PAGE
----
Investigating the chromatin dynamics of gene activation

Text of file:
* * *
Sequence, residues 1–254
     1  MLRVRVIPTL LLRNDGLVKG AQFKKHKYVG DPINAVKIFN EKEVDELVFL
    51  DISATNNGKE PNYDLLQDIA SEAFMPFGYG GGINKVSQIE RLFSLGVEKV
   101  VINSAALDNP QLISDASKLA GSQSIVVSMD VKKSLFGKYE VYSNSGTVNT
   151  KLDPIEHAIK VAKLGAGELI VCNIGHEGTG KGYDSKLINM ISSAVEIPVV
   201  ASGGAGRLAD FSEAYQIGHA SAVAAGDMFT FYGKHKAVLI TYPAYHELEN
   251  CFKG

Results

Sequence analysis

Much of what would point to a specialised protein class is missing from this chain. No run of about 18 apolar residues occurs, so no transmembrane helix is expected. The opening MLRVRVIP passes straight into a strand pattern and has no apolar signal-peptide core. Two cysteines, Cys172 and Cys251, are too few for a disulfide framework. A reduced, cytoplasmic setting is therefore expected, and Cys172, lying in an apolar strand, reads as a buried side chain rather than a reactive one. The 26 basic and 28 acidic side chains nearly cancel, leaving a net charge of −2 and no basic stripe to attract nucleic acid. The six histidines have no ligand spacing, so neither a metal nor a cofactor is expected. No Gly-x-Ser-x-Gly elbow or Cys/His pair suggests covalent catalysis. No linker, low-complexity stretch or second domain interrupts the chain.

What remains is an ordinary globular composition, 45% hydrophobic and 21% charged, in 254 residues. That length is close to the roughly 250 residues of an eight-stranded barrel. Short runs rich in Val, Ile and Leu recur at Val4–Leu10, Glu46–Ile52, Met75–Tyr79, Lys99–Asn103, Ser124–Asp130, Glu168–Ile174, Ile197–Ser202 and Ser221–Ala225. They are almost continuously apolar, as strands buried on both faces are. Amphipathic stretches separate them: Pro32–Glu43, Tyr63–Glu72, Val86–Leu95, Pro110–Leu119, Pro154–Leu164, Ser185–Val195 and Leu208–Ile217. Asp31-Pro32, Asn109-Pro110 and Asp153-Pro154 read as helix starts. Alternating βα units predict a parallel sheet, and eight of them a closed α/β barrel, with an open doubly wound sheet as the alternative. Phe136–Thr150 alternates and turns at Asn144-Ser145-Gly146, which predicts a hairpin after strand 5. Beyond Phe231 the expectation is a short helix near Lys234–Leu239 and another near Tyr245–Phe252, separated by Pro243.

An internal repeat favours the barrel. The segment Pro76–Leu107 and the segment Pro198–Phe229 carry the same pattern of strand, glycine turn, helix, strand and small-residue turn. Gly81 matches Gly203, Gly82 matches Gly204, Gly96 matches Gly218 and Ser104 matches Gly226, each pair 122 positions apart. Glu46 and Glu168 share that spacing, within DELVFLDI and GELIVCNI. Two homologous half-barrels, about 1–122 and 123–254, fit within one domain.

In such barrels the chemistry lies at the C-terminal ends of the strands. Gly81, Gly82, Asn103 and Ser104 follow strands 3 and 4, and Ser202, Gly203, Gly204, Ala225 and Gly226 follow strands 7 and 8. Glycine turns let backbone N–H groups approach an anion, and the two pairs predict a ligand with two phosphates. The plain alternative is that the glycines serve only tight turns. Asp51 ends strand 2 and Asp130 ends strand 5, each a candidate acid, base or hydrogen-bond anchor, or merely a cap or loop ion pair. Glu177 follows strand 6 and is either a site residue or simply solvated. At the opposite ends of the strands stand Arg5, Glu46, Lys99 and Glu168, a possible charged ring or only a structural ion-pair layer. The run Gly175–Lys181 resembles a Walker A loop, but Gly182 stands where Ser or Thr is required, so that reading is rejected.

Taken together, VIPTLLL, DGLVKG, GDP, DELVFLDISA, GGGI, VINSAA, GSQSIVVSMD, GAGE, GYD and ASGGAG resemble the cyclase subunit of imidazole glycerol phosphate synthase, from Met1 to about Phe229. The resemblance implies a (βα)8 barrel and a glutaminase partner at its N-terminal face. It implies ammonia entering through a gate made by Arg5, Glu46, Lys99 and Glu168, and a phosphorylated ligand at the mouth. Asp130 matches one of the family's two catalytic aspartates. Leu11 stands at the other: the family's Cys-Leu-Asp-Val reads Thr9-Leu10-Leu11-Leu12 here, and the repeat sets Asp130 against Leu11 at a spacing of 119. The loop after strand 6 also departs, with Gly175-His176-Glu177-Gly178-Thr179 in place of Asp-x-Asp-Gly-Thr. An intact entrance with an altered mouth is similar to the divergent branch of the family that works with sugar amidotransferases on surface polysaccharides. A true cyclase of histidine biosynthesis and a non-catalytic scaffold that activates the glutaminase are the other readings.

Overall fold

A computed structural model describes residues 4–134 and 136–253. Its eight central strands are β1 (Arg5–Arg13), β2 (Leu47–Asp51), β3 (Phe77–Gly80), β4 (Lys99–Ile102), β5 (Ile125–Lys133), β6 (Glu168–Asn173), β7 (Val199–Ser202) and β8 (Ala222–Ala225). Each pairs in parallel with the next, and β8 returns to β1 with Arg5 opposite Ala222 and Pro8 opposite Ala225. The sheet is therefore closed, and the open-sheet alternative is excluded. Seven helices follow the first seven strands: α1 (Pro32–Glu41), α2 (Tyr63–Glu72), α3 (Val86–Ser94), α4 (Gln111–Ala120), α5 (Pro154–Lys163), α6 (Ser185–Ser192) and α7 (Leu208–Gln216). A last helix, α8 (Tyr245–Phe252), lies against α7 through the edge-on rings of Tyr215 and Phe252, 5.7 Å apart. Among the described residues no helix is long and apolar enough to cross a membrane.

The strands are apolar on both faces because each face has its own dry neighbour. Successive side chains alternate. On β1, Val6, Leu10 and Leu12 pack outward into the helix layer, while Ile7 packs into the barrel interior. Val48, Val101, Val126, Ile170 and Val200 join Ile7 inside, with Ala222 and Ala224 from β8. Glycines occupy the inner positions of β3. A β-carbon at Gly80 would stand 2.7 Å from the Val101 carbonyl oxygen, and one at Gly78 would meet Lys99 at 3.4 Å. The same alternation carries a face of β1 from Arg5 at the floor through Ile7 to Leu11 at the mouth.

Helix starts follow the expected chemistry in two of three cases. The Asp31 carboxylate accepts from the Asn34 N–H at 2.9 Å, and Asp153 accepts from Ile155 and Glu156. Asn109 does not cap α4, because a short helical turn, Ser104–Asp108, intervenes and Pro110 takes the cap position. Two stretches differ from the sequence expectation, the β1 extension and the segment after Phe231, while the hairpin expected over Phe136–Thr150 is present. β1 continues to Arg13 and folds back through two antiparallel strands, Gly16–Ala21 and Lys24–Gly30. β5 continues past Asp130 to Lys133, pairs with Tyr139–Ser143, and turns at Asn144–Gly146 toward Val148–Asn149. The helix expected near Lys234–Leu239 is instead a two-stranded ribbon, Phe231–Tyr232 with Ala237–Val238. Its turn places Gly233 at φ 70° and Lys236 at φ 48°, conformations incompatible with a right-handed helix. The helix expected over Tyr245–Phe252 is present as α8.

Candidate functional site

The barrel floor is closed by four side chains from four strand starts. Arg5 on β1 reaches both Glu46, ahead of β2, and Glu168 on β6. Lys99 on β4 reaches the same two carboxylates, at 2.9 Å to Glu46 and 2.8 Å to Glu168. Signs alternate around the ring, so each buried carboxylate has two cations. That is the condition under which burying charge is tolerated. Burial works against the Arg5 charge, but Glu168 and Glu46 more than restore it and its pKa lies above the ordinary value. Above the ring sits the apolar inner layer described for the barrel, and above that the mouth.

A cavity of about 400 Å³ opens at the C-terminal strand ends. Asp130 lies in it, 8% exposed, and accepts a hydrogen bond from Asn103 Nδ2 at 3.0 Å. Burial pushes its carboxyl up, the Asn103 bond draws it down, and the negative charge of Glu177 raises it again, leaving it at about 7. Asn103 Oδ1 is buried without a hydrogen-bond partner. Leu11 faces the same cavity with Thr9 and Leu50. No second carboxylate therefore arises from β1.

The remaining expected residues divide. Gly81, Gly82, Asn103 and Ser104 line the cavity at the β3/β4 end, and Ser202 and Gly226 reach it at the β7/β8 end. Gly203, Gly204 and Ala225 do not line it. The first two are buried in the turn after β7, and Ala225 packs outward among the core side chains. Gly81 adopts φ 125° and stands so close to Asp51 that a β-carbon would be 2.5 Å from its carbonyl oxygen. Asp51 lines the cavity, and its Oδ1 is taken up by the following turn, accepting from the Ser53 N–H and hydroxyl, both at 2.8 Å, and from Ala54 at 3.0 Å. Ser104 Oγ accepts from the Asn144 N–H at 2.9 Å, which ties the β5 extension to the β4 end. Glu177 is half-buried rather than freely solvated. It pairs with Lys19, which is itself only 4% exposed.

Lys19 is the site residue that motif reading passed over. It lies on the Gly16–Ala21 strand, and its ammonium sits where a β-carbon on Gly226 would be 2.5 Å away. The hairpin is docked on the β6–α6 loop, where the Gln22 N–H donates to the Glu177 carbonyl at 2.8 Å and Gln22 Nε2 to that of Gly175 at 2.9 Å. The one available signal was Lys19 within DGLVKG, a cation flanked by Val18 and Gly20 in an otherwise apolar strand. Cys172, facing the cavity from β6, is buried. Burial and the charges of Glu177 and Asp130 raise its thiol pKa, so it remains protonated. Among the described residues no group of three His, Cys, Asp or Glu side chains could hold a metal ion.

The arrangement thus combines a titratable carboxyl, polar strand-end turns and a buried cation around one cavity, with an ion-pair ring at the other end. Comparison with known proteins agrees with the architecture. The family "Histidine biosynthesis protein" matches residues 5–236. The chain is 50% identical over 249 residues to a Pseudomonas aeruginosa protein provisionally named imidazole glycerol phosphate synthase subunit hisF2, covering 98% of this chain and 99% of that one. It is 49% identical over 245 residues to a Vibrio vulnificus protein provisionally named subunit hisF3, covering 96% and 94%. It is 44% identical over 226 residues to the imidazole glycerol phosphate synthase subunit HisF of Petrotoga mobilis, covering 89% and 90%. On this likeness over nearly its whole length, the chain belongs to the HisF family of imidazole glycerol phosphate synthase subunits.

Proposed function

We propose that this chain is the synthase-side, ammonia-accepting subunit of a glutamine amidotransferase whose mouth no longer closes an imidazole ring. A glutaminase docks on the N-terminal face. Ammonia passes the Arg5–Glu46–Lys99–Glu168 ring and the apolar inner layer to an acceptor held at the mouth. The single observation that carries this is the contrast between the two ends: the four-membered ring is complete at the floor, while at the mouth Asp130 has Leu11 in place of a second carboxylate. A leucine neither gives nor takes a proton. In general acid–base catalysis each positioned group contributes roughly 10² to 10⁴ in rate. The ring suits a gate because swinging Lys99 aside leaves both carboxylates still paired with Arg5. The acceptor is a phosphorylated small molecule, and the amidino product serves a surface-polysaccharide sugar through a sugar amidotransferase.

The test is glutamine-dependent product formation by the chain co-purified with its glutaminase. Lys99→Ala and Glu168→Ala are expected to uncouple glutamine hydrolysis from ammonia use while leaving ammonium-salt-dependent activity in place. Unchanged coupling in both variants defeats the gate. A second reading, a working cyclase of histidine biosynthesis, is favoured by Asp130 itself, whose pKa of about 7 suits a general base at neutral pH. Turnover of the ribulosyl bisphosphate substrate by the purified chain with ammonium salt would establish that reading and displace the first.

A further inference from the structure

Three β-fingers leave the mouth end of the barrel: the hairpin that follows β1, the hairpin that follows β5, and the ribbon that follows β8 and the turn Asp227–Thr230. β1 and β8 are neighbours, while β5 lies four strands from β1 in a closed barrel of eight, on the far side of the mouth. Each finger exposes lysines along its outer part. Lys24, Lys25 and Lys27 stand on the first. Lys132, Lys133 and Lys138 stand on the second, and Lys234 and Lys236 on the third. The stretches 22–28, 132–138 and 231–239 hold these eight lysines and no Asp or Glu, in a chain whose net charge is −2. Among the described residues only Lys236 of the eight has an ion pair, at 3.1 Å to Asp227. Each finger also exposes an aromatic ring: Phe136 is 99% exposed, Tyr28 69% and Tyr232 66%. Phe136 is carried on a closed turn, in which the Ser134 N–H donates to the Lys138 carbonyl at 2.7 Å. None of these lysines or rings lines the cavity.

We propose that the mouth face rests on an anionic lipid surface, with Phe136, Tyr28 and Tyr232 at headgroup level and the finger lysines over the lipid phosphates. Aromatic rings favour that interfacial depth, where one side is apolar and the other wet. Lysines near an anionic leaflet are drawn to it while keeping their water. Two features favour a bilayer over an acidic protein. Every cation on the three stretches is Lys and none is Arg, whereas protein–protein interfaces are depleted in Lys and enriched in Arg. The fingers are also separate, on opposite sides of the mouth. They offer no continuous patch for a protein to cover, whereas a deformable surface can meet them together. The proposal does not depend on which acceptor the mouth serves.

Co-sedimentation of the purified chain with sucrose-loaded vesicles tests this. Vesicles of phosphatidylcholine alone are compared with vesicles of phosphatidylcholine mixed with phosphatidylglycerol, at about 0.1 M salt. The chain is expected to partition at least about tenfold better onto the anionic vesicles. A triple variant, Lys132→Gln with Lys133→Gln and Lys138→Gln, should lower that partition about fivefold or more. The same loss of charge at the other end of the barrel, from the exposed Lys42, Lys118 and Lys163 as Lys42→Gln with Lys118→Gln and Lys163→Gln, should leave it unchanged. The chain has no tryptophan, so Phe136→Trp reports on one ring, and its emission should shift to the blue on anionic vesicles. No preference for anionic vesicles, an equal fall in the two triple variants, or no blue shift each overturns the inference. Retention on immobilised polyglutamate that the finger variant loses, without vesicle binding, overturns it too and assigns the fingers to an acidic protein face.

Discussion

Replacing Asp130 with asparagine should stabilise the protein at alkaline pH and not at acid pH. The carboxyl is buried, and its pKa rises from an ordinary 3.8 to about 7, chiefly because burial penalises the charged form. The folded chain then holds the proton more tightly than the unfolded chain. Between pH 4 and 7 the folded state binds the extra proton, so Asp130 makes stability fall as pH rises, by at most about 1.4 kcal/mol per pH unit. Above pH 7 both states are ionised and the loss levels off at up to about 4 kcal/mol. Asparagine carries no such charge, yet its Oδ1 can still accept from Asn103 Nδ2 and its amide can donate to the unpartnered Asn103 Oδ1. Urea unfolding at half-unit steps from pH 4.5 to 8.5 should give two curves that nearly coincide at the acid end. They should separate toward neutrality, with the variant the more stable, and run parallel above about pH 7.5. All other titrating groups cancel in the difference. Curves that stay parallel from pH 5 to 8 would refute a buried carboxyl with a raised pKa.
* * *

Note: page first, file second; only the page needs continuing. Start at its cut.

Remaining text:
Enhancers are cis-regulatory elements which contribute to the activation of gene expression. The spatio-temporal control of gene expression is particularly important during embryonic development, when the expression of developmental regulators is tightly controlled. Sonic hedgehog (Shh) is an important signalling protein which is vital for the patterning of the embryo. Shh is expressed throughout the developing central nervous system, gut and the posterior limb bud. This complex pattern of expression is regulated by the activity of multiple tissue-specific enhancers which are spread through a 1 Mb genomic desert. Many of these enhancers activate Shh expression over large genomic distances, with some enhancers being located within the intron of neighbouring genes. The textbook model for enhancer-mediated gene activation suggests that an enhancer moves within close proximity to its target promoter, recruiting transcription factors and RNA polymerase II to the gene and promoting transcription. However, recent studies have brought this model into question. Understanding the dynamics of enhancers and promoters during transcriptional activation is vital for comprehending how gene expression is regulated by enhancers. Advances in techniques enabling the labelling and tracking of non-repetitive loci in live cells have allowed this to start to be addressed. To study how Shh expression is regulated by its enhancers in live cells, firstly I needed to develop a system where Shh expression could be activated in cultured cells. It was known that Shh expression could be activated in mouse embryonic stem cells (mESCs) through retinoic acid treatment; however, the enhancer responsible for activating Shh expression and the cell type the mESCs differentiate into were previously unknown. I investigated changes in chromatin accessibility and modifications to show that Shh expression is activated from endodermal enhancers when mESCs are differentiated with retinoic acid. RNA-seq confirmed that the resulting cells express several markers of early endoderm and mesoderm lineages. The identification of enhancers which activate Shh expression in this mESC differentiation system allowed the tagging and tracking of these loci using a CRISPR-based live cell DNA imaging system. I developed a system that is versatile, simple and stable, with a view to decrease the number of guide RNAs required in order to visualise non-repetitive loci. The dynamics of the Shh promoter and were determined in cells where Shh was transcriptionally silent or active. I found that the dynamics of these cis-regulatory elements were sub-diffusive despite gene activity. Overall, through quantitative CRISPR-imaging, I found direct measurements for chromatin mobility of cis-regulatory elements in living cells under different states of activity.